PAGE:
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Daddy’s Girl

Of the many wives in Rabbinic literature, few are called by their proper names. We know about Bruria and Rachel, Yalta and Homa, but these are the exceptions. Usually all we get is 鈥渢he wife of,鈥 or in Aramaic 讚讘讬转讛讜, literally the house of. But on Ketubot 85a we have a wife who has a different title 鈥 the daughter of Rav Hisda. She appears in a court case and tells her husband, Rava, that a certain woman is untrustworthy. Rava relies on her in the continuing proceedings. In a later case, Rav Pappa聽 makes a claim about a document and Rava does not rely on him. When pressed as to why he answers:

Rav Adda bar Mattana said to Rava: And should Rav Pappa not be trusted like Rav 岣sda鈥檚 daughter? Rava replied: I relied on Rav 岣sda鈥檚 daughter because I know with certainty about her that she is always truthful. However, I cannot rely on the Master [Rav Pappa] because I do not know with the same degree of certainty about him.鈥 (Ketubot 85a)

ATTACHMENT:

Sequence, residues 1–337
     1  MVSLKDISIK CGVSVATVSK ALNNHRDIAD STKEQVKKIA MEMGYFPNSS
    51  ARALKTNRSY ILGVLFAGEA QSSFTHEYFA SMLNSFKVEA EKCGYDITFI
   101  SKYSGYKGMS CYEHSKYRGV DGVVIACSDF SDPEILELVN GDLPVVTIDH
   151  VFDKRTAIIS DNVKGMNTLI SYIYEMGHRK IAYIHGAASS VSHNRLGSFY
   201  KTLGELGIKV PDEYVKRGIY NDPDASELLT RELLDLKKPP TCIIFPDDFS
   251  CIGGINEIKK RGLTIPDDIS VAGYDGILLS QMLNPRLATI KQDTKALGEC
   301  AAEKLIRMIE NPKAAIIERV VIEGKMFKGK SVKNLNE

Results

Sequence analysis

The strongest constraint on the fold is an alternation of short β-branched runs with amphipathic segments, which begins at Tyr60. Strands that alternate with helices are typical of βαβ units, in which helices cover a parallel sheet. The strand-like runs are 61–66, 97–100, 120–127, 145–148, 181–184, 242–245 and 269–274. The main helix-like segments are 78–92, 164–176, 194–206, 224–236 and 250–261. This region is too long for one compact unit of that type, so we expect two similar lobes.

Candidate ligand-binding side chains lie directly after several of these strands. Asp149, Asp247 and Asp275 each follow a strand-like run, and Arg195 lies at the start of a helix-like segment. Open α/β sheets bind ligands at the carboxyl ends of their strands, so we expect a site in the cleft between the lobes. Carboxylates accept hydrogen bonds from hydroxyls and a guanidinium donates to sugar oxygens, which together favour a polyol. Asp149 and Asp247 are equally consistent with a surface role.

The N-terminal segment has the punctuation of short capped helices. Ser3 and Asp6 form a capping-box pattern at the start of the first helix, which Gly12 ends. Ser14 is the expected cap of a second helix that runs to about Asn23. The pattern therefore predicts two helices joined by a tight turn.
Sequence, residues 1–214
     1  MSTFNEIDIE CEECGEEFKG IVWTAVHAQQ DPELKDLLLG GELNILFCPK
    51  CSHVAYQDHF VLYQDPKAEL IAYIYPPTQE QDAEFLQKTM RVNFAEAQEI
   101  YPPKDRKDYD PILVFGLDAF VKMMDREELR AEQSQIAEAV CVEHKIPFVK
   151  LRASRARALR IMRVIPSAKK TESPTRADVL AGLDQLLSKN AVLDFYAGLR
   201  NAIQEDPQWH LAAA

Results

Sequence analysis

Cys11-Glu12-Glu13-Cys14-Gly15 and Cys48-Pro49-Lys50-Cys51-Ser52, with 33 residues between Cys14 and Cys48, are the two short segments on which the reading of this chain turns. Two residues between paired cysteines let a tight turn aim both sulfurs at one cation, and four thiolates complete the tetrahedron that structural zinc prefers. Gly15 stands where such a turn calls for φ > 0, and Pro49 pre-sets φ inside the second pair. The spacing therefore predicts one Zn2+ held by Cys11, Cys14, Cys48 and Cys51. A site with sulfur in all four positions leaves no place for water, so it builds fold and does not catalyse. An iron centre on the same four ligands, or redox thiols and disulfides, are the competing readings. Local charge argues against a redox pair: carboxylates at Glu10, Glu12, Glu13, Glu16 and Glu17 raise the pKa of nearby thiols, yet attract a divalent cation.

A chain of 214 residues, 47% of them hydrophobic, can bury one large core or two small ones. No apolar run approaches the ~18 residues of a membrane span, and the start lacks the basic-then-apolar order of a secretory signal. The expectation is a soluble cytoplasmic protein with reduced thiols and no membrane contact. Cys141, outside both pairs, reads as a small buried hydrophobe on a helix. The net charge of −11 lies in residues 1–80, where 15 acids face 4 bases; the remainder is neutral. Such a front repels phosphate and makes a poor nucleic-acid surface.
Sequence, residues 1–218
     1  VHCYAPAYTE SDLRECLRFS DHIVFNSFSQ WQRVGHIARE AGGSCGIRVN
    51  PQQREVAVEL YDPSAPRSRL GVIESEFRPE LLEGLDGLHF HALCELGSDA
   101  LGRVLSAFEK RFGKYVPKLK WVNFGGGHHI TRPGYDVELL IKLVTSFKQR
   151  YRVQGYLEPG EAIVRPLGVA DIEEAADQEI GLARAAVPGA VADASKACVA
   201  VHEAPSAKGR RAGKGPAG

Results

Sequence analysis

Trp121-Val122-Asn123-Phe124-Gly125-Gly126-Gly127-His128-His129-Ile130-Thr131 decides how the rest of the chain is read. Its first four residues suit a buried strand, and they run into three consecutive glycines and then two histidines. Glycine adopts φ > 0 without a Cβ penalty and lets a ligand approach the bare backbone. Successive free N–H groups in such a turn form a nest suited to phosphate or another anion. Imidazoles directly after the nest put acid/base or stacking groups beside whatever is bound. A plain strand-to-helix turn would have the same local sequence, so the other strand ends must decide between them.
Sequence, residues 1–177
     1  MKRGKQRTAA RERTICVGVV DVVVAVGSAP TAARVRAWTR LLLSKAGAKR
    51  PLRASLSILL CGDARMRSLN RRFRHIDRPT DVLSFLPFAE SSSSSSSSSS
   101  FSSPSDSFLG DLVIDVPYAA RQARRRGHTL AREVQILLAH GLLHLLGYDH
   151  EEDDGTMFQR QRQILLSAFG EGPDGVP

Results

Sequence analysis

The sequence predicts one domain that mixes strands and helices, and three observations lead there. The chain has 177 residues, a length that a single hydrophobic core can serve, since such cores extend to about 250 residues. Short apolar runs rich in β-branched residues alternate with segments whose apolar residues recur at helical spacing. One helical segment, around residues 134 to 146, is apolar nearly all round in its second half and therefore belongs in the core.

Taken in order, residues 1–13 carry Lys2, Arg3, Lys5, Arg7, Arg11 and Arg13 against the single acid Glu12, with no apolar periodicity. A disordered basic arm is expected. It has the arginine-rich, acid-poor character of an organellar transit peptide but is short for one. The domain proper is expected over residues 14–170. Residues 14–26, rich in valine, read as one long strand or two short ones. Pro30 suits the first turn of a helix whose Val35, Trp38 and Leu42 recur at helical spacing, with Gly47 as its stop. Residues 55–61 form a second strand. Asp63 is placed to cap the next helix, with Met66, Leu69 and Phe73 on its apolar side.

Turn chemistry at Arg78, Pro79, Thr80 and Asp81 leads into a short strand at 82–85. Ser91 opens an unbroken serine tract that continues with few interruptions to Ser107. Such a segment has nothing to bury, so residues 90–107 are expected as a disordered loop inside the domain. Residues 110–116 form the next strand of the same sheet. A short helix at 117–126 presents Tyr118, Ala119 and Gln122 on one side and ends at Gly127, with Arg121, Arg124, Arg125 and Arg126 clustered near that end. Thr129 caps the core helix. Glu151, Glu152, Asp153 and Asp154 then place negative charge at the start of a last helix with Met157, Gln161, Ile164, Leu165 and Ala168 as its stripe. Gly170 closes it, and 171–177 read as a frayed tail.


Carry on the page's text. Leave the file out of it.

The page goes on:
In all the places she is mentioned in the Gemara, we never hear her actual name, only this title: daughter of Rav Hisda. Who is she and what do we know about her background? She shows up quite a few times in the Gemara, in the company of her husband(s) or father or both. She was the daughter and then the wife of a rosh yeshiva and therefore lived in a strong Torah environment all her life.

Rav Hisda was a third generation Babylonian amora who was Rav鈥檚 student. He lived at the turn of the fourth century CE in a town called Kafri in Babylonia.

Kafri highlighted in the south

讬讛讜谞转谉, CC BY-SA 3.0 <>, via Wikimedia Commons